Singapore

Bus drivers' lawsuits involve important questions of law: High Court

Lawsuits brought by 13 bus drivers against transport operator SBS Transit over overtime pay involve important questions of law that would affect a larger class of workers in Singapore, a High Court judge said.

The workers claim in their suits, filed in 2019 and last year, that they had been made to work without a rest day each week and were also underpaid for overtime work.

In a written judgment allowing the case to be transferred to the High Court, Justice Audrey Lim noted yesterday that the Employment Act provides for mandated rest days and limits to work hours to protect the rights of employees.

"The question of whether this can be 'overridden' in a case where an employee is deemed to provide essential services... is important, as it affects a larger population of workers in general and not just the immediate plaintiff or parties to the case," Justice Lim said.

A provision in the Act allows an employer to require employees in essential services to work more than the prescribed limit of hours or to work on a rest day.

The questions thus involve the interpretation of provisions in the Act relating to whether a rest day can be scheduled such that an employee can be made to work for 12 consecutive days over a 14-day period, and whether bus drivers fall within the definition of employees providing "essential services".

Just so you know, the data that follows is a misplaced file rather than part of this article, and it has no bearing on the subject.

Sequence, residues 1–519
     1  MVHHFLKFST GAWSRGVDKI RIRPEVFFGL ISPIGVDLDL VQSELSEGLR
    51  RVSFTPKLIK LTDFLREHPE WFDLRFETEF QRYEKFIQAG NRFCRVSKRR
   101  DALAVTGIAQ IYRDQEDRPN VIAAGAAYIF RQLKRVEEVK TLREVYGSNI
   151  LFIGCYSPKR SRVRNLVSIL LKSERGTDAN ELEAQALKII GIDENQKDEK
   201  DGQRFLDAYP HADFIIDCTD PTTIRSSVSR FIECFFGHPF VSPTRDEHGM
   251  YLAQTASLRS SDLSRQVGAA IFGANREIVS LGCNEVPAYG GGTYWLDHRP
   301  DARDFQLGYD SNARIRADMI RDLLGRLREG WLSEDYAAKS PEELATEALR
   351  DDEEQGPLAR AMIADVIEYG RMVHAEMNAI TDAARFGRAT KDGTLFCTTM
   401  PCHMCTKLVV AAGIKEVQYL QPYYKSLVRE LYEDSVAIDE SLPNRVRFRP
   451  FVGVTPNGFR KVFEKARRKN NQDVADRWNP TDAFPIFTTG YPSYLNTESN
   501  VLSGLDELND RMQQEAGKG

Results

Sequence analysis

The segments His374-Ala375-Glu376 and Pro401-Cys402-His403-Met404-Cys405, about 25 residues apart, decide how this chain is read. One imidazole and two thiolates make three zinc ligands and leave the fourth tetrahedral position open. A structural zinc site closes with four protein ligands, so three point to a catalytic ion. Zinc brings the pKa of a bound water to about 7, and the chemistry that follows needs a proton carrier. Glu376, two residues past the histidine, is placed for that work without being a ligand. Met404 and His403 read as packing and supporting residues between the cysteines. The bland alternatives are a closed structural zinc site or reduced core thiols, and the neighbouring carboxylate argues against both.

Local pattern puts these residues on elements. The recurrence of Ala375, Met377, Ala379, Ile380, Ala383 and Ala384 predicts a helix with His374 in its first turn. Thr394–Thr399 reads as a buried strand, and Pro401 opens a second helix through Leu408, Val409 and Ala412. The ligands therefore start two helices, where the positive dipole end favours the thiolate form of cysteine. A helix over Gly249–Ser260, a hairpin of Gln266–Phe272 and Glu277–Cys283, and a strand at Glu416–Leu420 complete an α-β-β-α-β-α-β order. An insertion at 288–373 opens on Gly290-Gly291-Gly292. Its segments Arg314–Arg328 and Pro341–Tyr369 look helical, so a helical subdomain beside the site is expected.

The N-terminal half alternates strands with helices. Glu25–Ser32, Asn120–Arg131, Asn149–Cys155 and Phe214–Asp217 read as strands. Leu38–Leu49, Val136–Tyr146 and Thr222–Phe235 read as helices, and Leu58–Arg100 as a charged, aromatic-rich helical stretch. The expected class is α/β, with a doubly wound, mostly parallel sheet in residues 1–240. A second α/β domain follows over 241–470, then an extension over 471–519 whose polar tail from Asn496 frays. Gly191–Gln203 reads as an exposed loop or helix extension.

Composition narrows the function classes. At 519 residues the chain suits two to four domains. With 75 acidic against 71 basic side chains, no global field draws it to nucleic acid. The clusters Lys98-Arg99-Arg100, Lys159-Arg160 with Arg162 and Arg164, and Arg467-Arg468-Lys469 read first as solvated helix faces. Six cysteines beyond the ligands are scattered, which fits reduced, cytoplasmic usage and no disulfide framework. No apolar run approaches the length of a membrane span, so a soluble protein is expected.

Justice Lim said there would be potential ramifications on how such employment contracts are structured in terms of granting days off, computing overtime pay and determining work hours.

On Sept 20, 2019, five bus drivers each filed a magistrate's court suit against SBS Transit. Eight others subsequently filed similar suits against it. All 13 plaintiffs are represented by lawyer M. Ravi.

Last year, the parties agreed for the suit relating to one plaintiff to be heard as a test case, to save time and money.

This means the court's decision and findings on Mr Chua Qwong Meng's suit will be binding on all the plaintiffs.

Mr Chua claims SBS had breached the terms of his employment contract and the Employment Act, and that SBS failed to give him a rest day each week. SBS, which is represented by Senior Counsel Davinder Singh, denies his claims.

In March, Mr Chua filed an application to transfer the test case from the magistrate's court to the High Court. - THE STRAITS TIMES

COURT & CRIME